Once the pen's green light appears and the pen beeps, I approach the patient from the side, place the pen beyond the lashes near the eye's corner and lower it until the card tip's bottom touches the line of moisture on top of the eyelid. You want to touch the top of the eyelid, but avoid the sclera. If the patient has a shallow tear prism, you can achieve tear collection by gently moving the card's tip along the outer one-third of the outer lower lid. However, insufficient tear collection could result in a “Below Range” test result, which is indicated by the System. If this happens, use a new test card, and repeat the test. Something else to keep in mind: Don't pull down on the lower lid. This action will compromise the tear lake, making acquiring a tear sample a challenge.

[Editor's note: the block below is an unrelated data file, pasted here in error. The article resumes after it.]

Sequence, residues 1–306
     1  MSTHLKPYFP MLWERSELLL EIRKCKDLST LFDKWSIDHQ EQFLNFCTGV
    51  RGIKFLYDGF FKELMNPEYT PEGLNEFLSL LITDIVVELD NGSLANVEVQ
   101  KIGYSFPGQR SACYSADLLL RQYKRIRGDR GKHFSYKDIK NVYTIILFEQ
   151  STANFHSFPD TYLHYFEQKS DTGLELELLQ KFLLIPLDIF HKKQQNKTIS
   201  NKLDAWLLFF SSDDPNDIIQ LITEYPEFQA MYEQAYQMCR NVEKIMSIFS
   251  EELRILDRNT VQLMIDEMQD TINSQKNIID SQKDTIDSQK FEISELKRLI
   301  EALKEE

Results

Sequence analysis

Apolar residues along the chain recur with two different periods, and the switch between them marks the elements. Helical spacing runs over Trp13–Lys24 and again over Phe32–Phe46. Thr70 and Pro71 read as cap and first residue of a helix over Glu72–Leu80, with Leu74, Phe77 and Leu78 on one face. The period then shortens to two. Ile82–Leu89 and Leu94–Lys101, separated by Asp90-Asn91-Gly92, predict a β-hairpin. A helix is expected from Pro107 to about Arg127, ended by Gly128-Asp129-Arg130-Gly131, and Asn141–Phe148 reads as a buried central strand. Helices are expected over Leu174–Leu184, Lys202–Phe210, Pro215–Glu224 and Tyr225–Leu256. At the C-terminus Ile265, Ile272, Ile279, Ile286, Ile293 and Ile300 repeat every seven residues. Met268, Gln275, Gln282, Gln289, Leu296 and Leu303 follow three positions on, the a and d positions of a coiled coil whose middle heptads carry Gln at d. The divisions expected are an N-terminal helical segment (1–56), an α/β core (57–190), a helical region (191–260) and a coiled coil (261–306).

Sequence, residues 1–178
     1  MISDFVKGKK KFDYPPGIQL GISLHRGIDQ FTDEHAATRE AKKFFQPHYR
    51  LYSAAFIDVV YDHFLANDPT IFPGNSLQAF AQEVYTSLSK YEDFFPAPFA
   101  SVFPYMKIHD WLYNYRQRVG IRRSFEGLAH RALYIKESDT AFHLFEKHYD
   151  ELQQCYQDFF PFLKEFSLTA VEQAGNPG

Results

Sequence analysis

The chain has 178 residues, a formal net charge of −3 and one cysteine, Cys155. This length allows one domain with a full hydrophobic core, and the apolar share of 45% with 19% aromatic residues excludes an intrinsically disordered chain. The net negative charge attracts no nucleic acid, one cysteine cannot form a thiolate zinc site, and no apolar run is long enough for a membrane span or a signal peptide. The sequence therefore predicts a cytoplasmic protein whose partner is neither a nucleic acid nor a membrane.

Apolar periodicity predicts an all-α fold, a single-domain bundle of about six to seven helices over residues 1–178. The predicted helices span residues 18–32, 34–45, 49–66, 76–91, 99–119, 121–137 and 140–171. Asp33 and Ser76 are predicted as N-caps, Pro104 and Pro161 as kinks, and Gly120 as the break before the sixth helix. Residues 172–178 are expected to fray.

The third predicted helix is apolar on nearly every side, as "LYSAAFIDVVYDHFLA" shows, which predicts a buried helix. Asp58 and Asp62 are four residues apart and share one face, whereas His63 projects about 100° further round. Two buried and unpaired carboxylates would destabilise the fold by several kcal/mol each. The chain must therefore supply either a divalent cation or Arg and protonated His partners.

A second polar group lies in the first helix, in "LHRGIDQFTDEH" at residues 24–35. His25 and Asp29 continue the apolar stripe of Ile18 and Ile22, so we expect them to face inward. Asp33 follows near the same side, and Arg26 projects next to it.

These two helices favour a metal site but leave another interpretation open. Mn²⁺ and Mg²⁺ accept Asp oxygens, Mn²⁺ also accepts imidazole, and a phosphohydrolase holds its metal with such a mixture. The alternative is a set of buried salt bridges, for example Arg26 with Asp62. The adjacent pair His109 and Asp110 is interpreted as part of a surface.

Once the pen has collected a tear sample—it needs just 50 nano-liters of tear film—the pen's green light disappears and the pen beeps. Next, you dock the pen into the reader within 40 seconds, enter the numeric code of the test card—each card has one—into the reader, and the device will apply voltage to the tear sample and measure the impedance of the fluid through time. The TearLab Osmolarity System then applies a series of calculations to the measured impedance and indicates the resultant osmolarity. Now, you use a new test card to repeat the procedure on the fellow eye. Once you've acquired both measurements, educate your patient on his numbers and how and why you'd like to proceed, in terms of management.
At my patients' initial visit, I perform a baseline test. If I decide to initiate treatment, I obtain a follow-up measurement within three-to-six months, so I can track the success of treatment.